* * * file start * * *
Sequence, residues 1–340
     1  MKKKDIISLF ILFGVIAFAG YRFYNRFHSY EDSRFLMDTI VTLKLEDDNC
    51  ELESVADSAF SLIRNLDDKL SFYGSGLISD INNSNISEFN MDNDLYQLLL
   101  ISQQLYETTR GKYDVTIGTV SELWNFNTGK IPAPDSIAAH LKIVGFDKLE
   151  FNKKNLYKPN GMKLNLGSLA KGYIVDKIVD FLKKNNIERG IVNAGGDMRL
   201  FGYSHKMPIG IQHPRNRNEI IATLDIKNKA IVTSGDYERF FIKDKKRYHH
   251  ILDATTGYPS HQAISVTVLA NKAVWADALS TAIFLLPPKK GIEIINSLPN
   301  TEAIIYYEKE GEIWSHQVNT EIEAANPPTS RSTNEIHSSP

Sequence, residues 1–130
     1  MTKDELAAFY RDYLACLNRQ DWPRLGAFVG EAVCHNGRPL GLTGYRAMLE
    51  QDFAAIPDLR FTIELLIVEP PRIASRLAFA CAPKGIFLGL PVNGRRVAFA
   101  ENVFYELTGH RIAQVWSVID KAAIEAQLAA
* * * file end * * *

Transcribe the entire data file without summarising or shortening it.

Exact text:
Sequence, residues 1–340
     1  MKKKDIISLF ILFGVIAFAG YRFYNRFHSY EDSRFLMDTI VTLKLEDDNC
    51  ELESVADSAF SLIRNLDDKL SFYGSGLISD INNSNISEFN MDNDLYQLLL
   101  ISQQLYETTR GKYDVTIGTV SELWNFNTGK IPAPDSIAAH LKIVGFDKLE
   151  FNKKNLYKPN GMKLNLGSLA KGYIVDKIVD FLKKNNIERG IVNAGGDMRL
   201  FGYSHKMPIG IQHPRNRNEI IATLDIKNKA IVTSGDYERF FIKDKKRYHH
   251  ILDATTGYPS HQAISVTVLA NKAVWADALS TAIFLLPPKK GIEIINSLPN
   301  TEAIIYYEKE GEIWSHQVNT EIEAANPPTS RSTNEIHSSP

Sequence, residues 1–130
     1  MTKDELAAFY RDYLACLNRQ DWPRLGAFVG EAVCHNGRPL GLTGYRAMLE
    51  QDFAAIPDLR FTIELLIVEP PRIASRLAFA CAPKGIFLGL PVNGRRVAFA
   101  ENVFYELTGH RIAQVWSVID KAAIEAQLAA